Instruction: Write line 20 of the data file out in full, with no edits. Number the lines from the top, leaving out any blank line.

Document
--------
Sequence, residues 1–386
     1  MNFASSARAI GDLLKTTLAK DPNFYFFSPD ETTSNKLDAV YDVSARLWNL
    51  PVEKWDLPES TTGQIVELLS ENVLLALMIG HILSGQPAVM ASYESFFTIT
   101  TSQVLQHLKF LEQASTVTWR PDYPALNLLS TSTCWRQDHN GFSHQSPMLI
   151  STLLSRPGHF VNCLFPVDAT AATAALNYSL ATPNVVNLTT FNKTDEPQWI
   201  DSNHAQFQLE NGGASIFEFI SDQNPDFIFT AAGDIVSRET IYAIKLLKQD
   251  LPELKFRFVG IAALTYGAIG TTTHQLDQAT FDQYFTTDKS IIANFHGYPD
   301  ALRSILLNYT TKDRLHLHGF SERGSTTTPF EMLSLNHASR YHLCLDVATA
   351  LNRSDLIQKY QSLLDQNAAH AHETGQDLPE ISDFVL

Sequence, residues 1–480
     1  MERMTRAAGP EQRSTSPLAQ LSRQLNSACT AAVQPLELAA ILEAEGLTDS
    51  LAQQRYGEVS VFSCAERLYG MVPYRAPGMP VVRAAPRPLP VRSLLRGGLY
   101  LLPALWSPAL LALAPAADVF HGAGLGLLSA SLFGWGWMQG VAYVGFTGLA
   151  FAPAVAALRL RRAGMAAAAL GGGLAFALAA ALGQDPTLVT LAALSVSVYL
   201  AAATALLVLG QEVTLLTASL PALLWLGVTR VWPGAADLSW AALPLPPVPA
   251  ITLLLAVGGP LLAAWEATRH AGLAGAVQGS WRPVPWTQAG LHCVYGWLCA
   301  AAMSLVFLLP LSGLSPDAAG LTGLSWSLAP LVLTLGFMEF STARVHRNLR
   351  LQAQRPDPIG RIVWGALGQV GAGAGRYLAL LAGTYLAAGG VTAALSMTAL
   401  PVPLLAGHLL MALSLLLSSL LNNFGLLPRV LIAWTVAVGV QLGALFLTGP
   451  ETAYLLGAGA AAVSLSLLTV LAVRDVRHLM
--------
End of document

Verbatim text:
   451  ETAYLLGAGA AAVSLSLLTV LAVRDVRHLM